Christine Goerke leaves you breathless in Canadian Opera Company’s Elektra

Johannes Debus, Christine Goerke
Toronto Star

It’s loud. It’s scorchingly intense. It’s as psychologically skewed as it is visually. It goes on for an hour and three quarters without let-up. It’s totally over the top. And it’s bloody marvellous. Welcome back Elektra.
It’s common knowledge that Christine Goerke, having already enraptured Toronto audiences as Wagner’s Brunnhilde, has become the Elektra to see on stages around the world. She surpasses all expectations. It’s worth a ticket just to hear her “Allein! Weh, ganz allein” lament. But this is only the start of a performance so vocally powerful yet nuanced, so dramatically detailed yet unaffected that it leaves you breathless, unlike Goerke. She does not play Elektra. For almost two hours Goerke becomes her.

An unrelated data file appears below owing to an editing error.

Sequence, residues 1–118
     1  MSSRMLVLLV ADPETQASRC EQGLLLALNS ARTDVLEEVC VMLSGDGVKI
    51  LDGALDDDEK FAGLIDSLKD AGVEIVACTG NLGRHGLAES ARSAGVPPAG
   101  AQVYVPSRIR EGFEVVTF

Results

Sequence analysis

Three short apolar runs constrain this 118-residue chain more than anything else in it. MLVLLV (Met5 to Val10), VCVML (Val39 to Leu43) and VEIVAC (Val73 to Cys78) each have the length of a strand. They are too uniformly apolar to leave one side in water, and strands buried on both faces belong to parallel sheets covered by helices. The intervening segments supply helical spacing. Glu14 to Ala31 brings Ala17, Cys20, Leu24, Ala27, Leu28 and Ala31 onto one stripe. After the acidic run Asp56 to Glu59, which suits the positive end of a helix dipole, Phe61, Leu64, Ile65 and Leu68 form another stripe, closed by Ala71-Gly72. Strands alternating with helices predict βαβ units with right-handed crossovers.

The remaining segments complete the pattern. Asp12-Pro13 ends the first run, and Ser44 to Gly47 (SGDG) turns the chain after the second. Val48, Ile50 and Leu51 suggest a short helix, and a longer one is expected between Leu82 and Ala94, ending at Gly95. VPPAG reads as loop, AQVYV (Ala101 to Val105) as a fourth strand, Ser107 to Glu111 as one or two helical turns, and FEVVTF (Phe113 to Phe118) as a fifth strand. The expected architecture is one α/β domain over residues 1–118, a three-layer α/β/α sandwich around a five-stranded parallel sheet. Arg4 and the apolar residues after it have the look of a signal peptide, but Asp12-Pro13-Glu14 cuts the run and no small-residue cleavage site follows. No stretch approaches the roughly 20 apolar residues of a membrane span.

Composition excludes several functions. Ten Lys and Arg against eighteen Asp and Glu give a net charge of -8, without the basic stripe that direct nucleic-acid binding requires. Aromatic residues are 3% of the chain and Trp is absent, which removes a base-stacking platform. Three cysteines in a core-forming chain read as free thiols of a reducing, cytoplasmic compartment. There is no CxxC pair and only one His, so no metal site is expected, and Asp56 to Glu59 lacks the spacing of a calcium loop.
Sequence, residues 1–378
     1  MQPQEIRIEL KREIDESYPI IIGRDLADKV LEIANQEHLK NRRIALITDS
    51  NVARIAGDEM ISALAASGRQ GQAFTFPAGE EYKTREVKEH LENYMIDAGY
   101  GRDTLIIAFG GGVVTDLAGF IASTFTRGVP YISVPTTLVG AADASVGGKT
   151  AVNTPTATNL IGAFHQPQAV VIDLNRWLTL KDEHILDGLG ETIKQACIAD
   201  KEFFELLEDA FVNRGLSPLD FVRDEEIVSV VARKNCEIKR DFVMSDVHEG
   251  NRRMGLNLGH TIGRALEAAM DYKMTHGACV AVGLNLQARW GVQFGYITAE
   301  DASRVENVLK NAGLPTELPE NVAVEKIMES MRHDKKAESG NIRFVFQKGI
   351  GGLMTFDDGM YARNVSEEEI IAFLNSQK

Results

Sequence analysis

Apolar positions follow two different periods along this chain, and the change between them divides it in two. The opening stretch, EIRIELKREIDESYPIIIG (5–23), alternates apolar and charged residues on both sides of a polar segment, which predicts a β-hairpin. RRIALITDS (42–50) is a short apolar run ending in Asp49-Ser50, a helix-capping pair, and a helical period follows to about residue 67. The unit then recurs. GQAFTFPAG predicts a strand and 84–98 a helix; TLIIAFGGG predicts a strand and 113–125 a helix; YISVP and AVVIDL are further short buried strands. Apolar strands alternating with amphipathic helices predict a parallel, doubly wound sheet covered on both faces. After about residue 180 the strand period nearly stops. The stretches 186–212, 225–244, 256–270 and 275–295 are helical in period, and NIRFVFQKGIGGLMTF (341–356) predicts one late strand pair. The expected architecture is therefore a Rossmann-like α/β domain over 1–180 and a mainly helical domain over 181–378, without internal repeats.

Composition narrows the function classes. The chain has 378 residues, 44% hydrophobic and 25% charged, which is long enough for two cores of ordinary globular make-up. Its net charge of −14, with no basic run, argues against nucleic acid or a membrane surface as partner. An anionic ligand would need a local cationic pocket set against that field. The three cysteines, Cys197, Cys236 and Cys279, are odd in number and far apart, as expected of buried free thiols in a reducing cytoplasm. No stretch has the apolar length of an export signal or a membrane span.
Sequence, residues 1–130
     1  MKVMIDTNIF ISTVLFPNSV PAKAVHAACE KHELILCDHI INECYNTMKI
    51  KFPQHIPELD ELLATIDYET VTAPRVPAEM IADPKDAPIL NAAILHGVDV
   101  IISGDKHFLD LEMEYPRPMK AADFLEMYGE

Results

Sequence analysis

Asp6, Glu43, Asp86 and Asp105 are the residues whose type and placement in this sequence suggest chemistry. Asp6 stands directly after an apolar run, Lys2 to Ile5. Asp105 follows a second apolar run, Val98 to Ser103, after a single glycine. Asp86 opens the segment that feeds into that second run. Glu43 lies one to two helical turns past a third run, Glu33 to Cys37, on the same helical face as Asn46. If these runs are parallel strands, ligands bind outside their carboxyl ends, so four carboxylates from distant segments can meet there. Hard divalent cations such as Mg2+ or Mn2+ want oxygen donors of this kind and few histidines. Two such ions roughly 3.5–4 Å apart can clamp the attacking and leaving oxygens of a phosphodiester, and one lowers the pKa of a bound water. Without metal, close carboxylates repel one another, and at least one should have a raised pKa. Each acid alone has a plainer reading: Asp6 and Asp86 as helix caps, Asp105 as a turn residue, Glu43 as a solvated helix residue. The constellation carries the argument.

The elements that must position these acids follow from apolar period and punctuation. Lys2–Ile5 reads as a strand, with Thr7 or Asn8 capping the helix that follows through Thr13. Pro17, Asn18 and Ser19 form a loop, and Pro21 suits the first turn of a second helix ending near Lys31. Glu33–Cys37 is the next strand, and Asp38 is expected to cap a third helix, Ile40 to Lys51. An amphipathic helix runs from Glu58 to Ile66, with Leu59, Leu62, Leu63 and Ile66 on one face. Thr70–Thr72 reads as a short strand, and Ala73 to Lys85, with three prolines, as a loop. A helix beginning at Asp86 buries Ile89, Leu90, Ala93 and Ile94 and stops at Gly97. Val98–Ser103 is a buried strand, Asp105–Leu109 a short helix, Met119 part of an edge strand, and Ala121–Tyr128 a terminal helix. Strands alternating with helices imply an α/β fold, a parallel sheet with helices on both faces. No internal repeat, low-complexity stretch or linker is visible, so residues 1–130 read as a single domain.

That leaves the rest of the cast with the challenge of matching an exalted standard that, certainly among the principals, they do. Susan Bullock, the title lead in 2007 and also a previous COC Brunnhilde, returns as a proud, vain but deeply paranoid Klytamnestra. Her scenes with Goerke are unforgettably riveting. Erin Wall hits all the right notes in every sense as the emotionally wavering Chrysothemis.
Elektra is a woman-dominated opera. The men have little to do or sing; yet German Wilhelm Schwinghammer was an impressive and emotionally affecting Orest and beloved Canadian tenor Michael Schade almost stole the show in his brief and fateful appearance as a top-hatted, cigar-chomping Aegisth, Klytamnestra’s lover and partner-in-crime.
COC music director Johannes Debus keeps his 100-plus orchestra on a tight leash, rarely, as so often occurs with Elektra, allowing their enthusiasm to drown out the singers. And, while Strauss’s score may have come as a shock in 1909, it is a wondrous marvel for today’s ears when so expertly elucidated by Debus. Read the full review here